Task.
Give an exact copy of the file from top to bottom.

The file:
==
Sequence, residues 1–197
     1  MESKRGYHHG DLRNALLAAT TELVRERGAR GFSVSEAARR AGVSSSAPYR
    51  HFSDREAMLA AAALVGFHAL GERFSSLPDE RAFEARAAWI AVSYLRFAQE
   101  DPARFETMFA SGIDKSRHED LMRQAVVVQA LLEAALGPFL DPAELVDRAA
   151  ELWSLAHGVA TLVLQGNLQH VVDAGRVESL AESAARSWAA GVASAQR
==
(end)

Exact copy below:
Sequence, residues 1–197
     1  MESKRGYHHG DLRNALLAAT TELVRERGAR GFSVSEAARR AGVSSSAPYR
    51  HFSDREAMLA AAALVGFHAL GERFSSLPDE RAFEARAAWI AVSYLRFAQE
   101  DPARFETMFA SGIDKSRHED LMRQAVVVQA LLEAALGPFL DPAELVDRAA
   151  ELWSLAHGVA TLVLQGNLQH VVDAGRVESL AESAARSWAA GVASAQR